Design Ideas From The Blind Lady


It‘s More Than

Barbie’s Anthem Color.

Pink hasn’t always been a “girl’s” color. Earnshaw’s Infant, a trade magazine, published an article in the early 1900s that said pink was for boys because it was a “stronger” color as a derivative of red.
Blue, “the delicate color,” was then proclaimed to be for girls. Years later, the switch happened in the girl/boy color choice. The culture changed; pink became for girls and blue for boys.

When Barbie was launched by Mattel in 1959, pink was nowhere to be found. It wasn’t until the late 1970s that Barbie claimed pink for its packaging, Barbie’s furniture, and Barbie’s clothing.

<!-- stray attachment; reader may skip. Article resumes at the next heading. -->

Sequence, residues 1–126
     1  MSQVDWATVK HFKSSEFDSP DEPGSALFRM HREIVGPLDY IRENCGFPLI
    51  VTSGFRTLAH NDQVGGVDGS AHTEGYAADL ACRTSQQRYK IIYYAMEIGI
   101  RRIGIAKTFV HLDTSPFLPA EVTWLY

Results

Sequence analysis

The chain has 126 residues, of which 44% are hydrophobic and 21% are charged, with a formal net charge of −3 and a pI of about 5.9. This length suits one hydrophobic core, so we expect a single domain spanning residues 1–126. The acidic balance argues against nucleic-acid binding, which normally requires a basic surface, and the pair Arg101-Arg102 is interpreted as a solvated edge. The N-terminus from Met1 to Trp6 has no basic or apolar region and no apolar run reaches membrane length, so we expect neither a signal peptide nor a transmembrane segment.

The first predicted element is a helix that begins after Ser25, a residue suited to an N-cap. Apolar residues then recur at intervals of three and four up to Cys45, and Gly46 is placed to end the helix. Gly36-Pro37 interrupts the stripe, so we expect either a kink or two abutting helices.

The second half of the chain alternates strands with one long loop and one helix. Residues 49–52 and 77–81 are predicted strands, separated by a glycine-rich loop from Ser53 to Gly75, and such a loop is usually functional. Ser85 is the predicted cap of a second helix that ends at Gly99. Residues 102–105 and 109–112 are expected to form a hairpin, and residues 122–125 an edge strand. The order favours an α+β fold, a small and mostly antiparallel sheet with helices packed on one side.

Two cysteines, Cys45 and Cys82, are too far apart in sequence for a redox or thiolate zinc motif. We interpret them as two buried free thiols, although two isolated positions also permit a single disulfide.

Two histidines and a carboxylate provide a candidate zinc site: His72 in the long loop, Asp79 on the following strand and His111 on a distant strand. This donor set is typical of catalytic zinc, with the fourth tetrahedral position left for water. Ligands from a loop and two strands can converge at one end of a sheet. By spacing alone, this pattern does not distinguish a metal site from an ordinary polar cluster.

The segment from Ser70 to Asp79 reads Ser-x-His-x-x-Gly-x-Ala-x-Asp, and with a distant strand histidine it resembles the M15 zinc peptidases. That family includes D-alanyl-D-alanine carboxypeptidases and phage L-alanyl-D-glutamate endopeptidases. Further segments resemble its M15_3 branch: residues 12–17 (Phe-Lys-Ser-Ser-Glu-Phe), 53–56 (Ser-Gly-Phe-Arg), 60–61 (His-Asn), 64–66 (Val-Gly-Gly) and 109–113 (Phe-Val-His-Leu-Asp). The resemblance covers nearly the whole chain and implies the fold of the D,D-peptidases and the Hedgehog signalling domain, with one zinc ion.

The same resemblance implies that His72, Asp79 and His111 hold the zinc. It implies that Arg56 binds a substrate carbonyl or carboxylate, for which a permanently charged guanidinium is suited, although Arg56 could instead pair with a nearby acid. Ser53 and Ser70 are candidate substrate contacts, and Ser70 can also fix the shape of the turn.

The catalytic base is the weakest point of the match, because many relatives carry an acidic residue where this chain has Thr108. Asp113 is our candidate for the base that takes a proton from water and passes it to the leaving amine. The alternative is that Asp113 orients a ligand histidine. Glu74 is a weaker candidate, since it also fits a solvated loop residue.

And we all know what a hubbub occurred this summer when Barbie, the movie, premiered.
There was pink EVERYWHERE: décor, clothing, fashion accessories. That movie has caused such a stir (pun intended) that one European paint brand ran out of pink paint.
Pink has a long, vibrant history of being popular.

In the 1920s, pink was paired in Art Deco design with black, gold, and silver to create a very glamorous look.

The glamour continued in the 1930s and 1940s when pink was for the rich and famous, promoted by Hollywood.

Then MCM hit in the 1950s, and the pink bathroom, kitchen, and accessories came. Dusty rose sofas and vibrant workout clothes hit in the 1980s.

Over the last 10 years, pink has become in vogue again.

Pink is now for everybody.

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